We still have more work to do on GameDiscoverCo Pro - it’ll be a little while until it’s ready for ‘Early Access’. And costwise, it’s aimed at medium/large entities, because of the depth & complexity of the data. (We’re now estimating DAU and MAU for every single PC (Steam), Xbox and PlayStation game, for example.)
But rest assured we’ll reach out to many of you when it’s ready to show - especially if you fill out our ‘please tell me when Pro is ready’ form. We thank you very much!
The game discovery news round-up..
We’re finishing things off for the year, as the Steam Winter Sale gets prepared to take over our discount-centric lives for the next few days. But here’s the platform and discovery news of note:
Game Pass is tentatively exploring ad-supported tiers, according to “a survey Microsoft recently circulated to players, inviting views about the current Xbox Game Pass subscription and querying if we'd be willing to accept adverts if the subscription payment was lower.” (It’s pretty early, though.)
The player-voted Steam Awards are rolling out nominations day by day right now, and players can “come back between Dec 22 at 10AM PST and Jan 3rd at 9AM PST to cast your vote across all categories.” Gotta say that the nominees are pretty good - slash interesting - so far.
Noted ‘smart guy’ Ben Thompson of Stratechery wrote a longform piece on ‘consoles and competition’ which explains his own view on the Microsoft x Activision antitrust shenanigans: “For the record, I do believe this acquisition demands careful overview [but[ it’s increasingly difficult… to grasp any sort of coherent theory to the FTC’s antitrust decisions beyond ‘big tech bad’.”
There’s an in-depth The Verge interview with Steam Deck’s designers that’s well worth poking at. For example: “not only are we excited to see other manufacturers making their own handheld PC gaming devices, we’re excited to see people make their own SteamOS machines which could include small PCs that they put next to their TV”, says Valve’s Lawrence Yang.
Haven’t seen it discussed much, but ThatGameCompany’s multiplatform multiplayer adventure Sky - which is particularly massive in China - had 1.6 million CCU (wow!) for its recent in-game concert with Aurora. (I was impressed.)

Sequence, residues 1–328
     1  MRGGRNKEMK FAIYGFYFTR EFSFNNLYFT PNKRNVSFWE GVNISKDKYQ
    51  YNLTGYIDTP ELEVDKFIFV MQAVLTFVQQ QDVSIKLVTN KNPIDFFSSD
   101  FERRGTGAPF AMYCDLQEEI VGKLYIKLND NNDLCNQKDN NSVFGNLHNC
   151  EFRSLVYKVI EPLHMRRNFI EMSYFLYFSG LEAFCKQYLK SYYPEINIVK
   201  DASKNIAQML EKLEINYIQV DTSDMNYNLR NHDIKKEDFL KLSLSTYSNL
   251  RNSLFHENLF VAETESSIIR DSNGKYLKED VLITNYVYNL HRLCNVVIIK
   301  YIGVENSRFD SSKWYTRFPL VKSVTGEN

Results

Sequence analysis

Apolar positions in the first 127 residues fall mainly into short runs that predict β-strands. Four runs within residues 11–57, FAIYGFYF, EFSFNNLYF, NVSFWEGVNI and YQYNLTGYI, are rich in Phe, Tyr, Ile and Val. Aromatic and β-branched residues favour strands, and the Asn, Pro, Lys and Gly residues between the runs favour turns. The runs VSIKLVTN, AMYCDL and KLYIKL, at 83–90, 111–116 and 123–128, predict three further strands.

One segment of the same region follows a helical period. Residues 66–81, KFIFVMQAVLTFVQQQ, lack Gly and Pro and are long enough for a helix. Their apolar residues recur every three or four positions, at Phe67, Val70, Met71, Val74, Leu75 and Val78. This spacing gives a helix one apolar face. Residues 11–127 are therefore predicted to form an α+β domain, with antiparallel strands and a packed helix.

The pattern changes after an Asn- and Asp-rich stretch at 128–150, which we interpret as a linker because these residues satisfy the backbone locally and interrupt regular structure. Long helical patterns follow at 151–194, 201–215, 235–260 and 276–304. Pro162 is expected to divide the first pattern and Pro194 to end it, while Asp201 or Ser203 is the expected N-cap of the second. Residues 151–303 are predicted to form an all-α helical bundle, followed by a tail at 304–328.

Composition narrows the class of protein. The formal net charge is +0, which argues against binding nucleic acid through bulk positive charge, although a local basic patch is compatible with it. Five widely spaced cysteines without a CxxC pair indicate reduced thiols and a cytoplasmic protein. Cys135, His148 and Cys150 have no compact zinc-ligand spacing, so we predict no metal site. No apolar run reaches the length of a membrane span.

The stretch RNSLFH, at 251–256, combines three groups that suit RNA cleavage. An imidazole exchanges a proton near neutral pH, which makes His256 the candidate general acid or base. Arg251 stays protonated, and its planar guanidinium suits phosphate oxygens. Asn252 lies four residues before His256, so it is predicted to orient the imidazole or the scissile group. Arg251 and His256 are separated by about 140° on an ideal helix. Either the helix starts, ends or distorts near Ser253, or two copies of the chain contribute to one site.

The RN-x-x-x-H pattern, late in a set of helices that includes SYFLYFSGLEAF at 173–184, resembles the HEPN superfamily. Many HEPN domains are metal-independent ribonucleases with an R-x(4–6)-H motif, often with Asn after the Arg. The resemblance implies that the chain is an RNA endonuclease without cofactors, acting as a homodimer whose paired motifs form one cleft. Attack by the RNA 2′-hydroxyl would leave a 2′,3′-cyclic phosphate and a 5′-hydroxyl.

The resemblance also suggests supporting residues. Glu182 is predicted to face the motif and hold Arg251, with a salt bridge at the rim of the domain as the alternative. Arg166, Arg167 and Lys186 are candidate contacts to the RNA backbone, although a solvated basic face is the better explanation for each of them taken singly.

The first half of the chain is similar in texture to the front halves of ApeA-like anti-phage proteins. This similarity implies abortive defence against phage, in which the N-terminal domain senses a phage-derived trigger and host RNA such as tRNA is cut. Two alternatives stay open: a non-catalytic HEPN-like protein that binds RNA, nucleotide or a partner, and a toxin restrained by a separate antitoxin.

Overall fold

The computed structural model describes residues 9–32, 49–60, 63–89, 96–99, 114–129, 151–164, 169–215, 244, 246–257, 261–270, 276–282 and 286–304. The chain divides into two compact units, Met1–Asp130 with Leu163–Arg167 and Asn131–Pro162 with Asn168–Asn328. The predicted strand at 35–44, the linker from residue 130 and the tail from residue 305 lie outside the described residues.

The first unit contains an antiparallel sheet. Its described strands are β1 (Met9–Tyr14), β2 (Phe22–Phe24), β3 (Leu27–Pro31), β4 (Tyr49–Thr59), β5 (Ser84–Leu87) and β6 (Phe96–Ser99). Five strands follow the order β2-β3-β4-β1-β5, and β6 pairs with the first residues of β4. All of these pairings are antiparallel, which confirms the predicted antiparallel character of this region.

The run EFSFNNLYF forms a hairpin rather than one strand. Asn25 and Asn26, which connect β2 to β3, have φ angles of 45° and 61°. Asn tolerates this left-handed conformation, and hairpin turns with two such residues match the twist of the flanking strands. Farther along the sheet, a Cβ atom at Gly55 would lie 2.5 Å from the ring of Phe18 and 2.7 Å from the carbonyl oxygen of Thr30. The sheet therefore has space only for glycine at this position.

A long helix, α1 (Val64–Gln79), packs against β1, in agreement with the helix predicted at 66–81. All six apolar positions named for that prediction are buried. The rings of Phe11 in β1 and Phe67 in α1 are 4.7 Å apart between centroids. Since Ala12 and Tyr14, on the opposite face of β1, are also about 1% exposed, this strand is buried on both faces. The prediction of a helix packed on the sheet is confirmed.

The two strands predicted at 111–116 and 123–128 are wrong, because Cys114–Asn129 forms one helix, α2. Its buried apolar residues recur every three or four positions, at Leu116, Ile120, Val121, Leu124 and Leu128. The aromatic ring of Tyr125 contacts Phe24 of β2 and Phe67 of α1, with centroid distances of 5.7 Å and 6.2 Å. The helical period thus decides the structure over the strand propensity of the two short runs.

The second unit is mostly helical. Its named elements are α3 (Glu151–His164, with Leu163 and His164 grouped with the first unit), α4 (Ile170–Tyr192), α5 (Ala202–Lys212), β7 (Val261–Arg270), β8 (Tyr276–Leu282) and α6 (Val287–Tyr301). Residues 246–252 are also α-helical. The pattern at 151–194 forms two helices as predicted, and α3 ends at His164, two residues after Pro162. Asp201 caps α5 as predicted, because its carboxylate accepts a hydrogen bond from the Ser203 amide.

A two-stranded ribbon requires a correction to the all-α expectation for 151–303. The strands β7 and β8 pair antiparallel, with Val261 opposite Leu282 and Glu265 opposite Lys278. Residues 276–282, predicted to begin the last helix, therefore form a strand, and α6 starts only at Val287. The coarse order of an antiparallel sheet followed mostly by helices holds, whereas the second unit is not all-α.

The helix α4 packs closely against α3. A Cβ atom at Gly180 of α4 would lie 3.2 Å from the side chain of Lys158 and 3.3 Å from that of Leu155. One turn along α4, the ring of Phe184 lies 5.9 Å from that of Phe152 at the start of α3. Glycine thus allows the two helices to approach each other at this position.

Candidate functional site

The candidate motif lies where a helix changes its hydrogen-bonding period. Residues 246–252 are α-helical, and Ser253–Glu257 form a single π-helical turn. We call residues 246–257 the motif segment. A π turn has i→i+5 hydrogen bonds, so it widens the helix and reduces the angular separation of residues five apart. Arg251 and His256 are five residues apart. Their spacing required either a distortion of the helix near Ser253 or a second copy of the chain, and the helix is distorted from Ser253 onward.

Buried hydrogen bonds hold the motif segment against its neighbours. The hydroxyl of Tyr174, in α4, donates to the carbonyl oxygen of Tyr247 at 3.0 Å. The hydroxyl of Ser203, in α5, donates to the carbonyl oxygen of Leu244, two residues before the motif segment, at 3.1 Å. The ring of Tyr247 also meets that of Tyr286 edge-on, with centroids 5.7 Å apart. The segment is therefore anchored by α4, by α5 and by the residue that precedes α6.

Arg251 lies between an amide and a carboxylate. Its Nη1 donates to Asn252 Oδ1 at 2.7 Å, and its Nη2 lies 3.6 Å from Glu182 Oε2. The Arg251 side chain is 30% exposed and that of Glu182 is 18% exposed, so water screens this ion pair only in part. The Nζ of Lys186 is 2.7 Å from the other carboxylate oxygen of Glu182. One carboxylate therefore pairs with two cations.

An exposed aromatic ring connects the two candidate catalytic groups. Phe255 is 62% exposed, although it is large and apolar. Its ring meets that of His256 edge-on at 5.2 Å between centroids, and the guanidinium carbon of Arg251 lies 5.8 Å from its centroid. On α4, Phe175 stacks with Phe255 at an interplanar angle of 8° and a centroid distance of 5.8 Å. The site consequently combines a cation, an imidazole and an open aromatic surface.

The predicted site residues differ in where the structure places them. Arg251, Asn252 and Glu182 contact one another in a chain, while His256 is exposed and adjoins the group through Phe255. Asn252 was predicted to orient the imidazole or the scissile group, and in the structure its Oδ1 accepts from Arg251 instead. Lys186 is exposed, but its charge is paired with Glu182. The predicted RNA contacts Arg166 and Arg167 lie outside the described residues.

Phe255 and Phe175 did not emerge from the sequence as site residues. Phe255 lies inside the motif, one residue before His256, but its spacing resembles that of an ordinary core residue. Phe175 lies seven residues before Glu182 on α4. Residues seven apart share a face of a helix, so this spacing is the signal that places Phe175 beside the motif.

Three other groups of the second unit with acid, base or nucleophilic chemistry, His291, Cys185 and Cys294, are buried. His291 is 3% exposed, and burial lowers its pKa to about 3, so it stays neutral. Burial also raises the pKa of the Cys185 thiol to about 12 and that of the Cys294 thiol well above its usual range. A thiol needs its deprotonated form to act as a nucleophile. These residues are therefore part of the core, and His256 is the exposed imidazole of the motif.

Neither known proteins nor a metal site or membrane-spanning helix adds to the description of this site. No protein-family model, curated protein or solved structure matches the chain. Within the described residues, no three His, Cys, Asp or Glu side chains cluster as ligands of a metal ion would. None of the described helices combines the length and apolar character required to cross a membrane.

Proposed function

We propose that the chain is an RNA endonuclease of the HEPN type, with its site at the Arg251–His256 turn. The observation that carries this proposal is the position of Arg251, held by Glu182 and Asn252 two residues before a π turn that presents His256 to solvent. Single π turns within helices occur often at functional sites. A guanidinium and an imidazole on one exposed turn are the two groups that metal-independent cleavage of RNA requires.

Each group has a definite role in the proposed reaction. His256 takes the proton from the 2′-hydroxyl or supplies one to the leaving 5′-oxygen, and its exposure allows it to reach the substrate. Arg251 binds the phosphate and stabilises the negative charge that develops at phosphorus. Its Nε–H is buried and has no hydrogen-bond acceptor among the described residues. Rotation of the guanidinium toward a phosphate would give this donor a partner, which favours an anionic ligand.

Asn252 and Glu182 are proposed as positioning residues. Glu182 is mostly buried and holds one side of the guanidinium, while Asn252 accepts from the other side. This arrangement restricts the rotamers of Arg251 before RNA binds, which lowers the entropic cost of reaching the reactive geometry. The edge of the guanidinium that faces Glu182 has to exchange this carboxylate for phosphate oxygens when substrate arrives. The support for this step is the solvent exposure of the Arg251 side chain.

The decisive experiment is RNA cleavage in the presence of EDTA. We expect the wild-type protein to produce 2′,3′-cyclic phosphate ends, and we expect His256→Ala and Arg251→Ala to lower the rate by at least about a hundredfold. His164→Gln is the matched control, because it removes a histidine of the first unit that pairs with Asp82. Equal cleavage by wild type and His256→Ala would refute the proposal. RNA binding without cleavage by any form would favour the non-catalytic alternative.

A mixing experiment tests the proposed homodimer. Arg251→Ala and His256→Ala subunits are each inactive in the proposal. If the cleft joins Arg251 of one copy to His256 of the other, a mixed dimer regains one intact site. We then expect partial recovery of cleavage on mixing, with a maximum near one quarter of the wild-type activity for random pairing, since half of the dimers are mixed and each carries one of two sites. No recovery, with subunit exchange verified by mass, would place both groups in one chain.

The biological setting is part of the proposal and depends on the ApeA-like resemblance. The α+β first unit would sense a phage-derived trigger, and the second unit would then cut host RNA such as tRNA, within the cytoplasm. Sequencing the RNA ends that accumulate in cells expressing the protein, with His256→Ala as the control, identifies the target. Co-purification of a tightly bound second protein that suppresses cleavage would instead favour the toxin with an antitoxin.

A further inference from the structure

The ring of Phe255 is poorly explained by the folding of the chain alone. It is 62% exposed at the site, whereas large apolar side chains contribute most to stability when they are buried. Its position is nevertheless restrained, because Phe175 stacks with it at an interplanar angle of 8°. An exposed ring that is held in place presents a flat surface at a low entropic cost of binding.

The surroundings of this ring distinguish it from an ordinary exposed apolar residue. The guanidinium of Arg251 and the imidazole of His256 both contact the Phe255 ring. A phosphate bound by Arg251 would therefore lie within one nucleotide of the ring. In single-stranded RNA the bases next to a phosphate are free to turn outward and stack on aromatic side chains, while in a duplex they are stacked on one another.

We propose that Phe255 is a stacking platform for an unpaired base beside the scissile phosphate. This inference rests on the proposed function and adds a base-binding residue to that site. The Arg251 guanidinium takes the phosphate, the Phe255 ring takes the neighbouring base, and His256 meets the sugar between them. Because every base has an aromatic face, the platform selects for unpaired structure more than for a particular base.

VR/AR things: yes, legendary tech egghead John Carmack has left Meta, expressing his own opinion-y opinions on the way out (“we constantly self-sabotage and squander effort”); HTC is introducing “a small, light all-in-one headset that promises full-featured virtual and augmented reality” at CES early next month.
We’ve not really covered blockchain games in this newsletter. So many thanks to my old colleague Bryant Francis at GameDeveloper.com for revisiting the big claims from the sector during 2022. This is the kind of realistic take that I personally find pretty useful. (The sector’s not dead, it just smells a bit funny.)
Did The Game Awards have good reach? If you ask The Awards themselves, they would say yes - 103 million global livestreams, up 20% over 2021, and “on Steam [alone], over 9.5 million unique customers viewed The Game Awards livestream, with a peak audience of over 850K concurrent users.” So there.
Two more ‘be nice to players’ things: the European Union parlament’s Internal Market and Consumer Protection committee “has called for greater player protections for minors, as well as actions to control ‘manipulative practices and addiction’”; the German USK organization “will highlight the presence of online chat features, loot boxes and in-game purchases” in its country ratings.
Wait, so you say 2023 is coming next, and even more video games are going to be released then? Polygon has a rundown on the current release dates, “from highly anticipated RPGs like Starfield and The Legend of Zelda: Tears of the Kingdom, to new, mainline entries in series like Final Fantasy and Street Fighter, and the long-awaited return of franchises like Diablo and Pikmin.”
Microlinks: this mobile game end-of-year recap from Data.ai has a lot of handy data in it; Supercell has removed all loot boxes from its mobile hit Brawl Stars, which some players are upset with (!); after Tesla, BMW is one of the next car companies to get into ‘in-vehicle games’, thanks to a deal with AirConsole.
Finally, I grew up making music - and then creating ‘netlabels’ - on the Commodore Amiga. So what better way to end the year than via a ‘new for 2022’ Xmas chiptune Amiga .MOD created by my old buddy Keith ‘Vim’ Baylis? Happy holidays, all:
[We’re GameDiscoverCo, an agency based around one simple issue: how do players find, buy and enjoy your premium PC or console game? We run the newsletter you’re reading, and provide consulting services for publishers, funds, and other smart game industry folks.]